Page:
Matt Mayer of the Buckeye Institute debunks the long-term economic growth without Right To Work freedom is sustainable. Mayer uses a Columbus Dispatch reporter Joe Hatlett column that featured Former Michigan Gov. Jennifer Granholm to expose the fact that corporate welfare and reduced regulations ignore the “proverbial elephant in the room weighing down” compulsory union states like Indiana, Ohio, Illinois,, and Michigan. From Matt Mayer’s post: “With Michigan bleeding jobs and tax revenues, Granholm said she followed the corporate playbook in her attempt to close a huge state budget deficit and make Michigan more competitive. ‘In listening to the business community, I cut takes [sic] 99 times, and I ended shrinking government more than any state in the nation. In my two terms, I cut more by far than any state in the nation. And yet, we still have the highest unemployment rate. There was no correlation.’ Granholm conceded that streamlining business regulations and lowering taxes — Kasich’s economic recovery mantra — are helpful, but they aren’t a panacea…[l]abor costs, help with start-up costs and proximity to markets are other factors.” Hallett and Governor Granholm fail to mention why streamlining regulations and lowering taxes aren’t helping the northern states (located within 50 percent of the U.S. population and with low start-up costs) compete against the southern and western states. Instead, Hallett ignores the obvious answer and pleads for an end to corporate pork (with which we enthusiastically agree). The reason Michigan and Ohio can’t compete is that the southern and western states already have fewer regulations and lower taxes, so “catching up” with those states still leaves the proverbial elephant in the room weighing down the northern states. Plus, those states are also pushing for lower taxes and fewer regulations, so the northern states are perpetually behind them. The elephant, which Governor Granholm does hint at, is labor costs, or, more specifically, unionized labor costs (see: General Motors and the United Auto Workers). As I noted in Six Principles for Fixing Ohio, “Of course, tax and regulatory burdens also impact a state’s economy. Although many of the forced unionization states have heavy tax burdens and many of the worker freedom states have light tax burdens, some heavily taxed worker freedom states (Idaho, Nevada, and Utah) had the strongest sustained job growth from 1990 to today. Similarly, a few moderately taxed forced unionization states still had weak job growth (Indiana, Illinois, and Missouri). The combination of both a heavy tax burden and forced unionization is deadly when it comes to job growth, as 11 of the 15 worst performing states are ranked in the top 20 for high tax burdens.” If Ohio and the other states from Missouri to Maine want to truly compete with Texas, Georgia, and South Carolina, then those states need to enact laws that protect the rights of workers not to join a labor union to get a job.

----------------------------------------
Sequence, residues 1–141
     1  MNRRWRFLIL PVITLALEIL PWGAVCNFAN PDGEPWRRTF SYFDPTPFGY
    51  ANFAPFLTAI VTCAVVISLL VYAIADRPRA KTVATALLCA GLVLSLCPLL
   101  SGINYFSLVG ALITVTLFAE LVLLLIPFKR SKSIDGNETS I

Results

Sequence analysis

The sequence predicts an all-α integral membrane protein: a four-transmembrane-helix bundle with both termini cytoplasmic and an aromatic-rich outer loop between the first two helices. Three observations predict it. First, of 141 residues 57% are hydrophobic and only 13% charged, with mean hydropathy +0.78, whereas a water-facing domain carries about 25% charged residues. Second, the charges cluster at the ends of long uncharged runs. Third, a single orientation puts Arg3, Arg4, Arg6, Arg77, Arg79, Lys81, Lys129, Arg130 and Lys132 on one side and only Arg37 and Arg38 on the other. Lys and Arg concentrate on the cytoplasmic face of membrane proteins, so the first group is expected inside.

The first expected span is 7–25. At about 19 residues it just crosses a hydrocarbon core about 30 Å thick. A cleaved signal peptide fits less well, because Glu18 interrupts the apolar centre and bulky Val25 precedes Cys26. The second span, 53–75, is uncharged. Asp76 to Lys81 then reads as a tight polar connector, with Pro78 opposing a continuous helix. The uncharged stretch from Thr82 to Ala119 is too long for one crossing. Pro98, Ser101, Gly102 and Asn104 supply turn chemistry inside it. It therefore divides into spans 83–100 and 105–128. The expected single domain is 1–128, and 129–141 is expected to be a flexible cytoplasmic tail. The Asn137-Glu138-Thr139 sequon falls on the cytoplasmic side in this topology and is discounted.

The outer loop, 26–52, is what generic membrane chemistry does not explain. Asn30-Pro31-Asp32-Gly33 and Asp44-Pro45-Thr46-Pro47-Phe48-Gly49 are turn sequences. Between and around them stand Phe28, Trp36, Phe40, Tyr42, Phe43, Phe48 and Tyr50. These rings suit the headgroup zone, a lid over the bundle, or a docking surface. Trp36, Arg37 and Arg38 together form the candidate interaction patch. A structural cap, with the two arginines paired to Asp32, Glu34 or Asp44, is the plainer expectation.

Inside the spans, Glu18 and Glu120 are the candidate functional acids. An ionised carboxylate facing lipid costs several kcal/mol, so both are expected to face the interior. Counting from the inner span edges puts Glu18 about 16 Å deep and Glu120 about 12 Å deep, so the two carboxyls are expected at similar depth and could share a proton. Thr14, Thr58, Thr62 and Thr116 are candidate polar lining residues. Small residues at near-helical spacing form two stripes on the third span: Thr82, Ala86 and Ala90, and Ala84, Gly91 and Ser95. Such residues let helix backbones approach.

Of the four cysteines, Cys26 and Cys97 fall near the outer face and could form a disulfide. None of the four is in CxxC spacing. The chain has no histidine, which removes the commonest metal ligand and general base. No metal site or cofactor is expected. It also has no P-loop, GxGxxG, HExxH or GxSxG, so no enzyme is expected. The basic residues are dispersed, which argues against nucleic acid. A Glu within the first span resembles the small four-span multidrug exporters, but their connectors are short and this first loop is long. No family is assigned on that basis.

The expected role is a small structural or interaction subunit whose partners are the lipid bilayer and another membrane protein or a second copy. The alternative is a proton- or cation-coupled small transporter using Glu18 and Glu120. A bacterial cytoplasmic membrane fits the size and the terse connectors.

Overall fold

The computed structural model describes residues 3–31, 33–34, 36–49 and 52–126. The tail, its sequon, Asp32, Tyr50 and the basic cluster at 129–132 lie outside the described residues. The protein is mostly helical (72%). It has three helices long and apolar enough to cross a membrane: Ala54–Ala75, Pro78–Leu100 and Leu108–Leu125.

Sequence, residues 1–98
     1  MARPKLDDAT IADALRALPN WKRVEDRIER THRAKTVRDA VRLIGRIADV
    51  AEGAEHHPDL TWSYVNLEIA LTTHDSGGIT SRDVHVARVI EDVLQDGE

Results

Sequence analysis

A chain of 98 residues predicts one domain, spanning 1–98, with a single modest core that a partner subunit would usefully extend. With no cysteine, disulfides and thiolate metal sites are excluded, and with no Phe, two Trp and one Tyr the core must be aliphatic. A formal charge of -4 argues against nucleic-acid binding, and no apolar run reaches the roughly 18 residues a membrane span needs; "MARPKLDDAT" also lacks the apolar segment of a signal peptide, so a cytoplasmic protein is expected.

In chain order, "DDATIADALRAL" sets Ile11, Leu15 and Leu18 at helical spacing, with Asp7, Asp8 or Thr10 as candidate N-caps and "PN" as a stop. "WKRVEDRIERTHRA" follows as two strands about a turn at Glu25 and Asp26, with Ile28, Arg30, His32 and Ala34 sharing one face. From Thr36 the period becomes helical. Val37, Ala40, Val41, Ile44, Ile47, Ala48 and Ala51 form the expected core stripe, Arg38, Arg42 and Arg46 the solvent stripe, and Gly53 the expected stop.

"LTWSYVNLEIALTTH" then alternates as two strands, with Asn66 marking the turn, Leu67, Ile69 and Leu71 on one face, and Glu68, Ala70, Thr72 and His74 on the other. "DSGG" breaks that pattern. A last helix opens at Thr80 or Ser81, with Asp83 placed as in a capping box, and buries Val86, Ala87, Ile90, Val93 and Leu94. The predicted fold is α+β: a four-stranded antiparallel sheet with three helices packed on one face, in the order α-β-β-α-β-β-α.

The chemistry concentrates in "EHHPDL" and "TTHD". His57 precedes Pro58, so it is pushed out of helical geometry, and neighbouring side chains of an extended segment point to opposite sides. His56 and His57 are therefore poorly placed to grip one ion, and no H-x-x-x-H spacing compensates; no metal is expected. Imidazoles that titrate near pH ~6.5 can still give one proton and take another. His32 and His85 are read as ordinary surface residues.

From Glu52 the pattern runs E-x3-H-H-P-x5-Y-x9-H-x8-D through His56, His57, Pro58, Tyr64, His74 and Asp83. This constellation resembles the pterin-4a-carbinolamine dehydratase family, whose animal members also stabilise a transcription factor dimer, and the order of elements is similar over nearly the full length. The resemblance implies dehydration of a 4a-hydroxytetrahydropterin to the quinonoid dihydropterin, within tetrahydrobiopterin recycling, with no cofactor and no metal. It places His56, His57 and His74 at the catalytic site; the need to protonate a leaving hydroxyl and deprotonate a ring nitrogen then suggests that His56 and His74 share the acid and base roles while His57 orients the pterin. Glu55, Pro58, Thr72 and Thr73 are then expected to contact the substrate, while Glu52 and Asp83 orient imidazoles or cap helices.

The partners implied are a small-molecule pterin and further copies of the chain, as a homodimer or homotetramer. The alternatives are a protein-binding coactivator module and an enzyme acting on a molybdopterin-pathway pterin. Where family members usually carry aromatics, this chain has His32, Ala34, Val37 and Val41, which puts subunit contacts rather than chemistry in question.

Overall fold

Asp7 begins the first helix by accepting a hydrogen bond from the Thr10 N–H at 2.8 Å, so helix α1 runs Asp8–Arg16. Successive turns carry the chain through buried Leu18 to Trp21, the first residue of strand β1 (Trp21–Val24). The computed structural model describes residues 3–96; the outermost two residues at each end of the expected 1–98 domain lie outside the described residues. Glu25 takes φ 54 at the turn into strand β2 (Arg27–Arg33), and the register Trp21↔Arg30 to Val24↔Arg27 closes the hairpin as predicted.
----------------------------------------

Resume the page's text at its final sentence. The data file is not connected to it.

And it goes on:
The Real Issue in the Government Worker Union Battle

The Real Issue in the Government Worker Union Battle

NRTW President Mark Mix from the Investor's Business Daily: In Wisconsin, union officials — with support from the Obama White House — continue to orchestrate illegal teacher strikes, lead angry mass protests at the state capitol and picket the residences of legislators to safeguard Big Labor's government-granted monopoly bargaining power over hundreds of thousands of Badger State public employees. Raucous union rallies and intimidation of elected officials and their families in support of Big Labor's purported "right" to unchallenged monopoly bargaining control are occurring in other states as well. Americans learning about organized labor's battles in Wisconsin, Ohio, Indiana and other states from TV, radio and newspaper reports may understandably be confused about what is at stake, especially if they have no personal experience with unions themselves. From afar, it's easy to draw the conclusion that public employees' right to join a union is at stake. But that is hardly the case. Public employees' freedom to join and pay dues to labor organizations is already legally protected across the U.S. and is not being challenged anywhere. What reform-minded elected officials are seeking to curtail, and in some cases even abolish, is government union chiefs' legal power to force public servants into a union as a condition of employment. Under the current labor laws of nearly half of the states, government union officials have been explicitly authorized to force all public employees in a workplace to pay union dues or be fired, as long as a majority of their fellow employees (among those expressing an opinion) support unionization. Such forced-unionism laws, which Big Labor is now fighting furiously to keep on the books in the face of increasingly intense public opposition, actually trample on, rather than protect, employees' freedom to make personal decisions about unionism.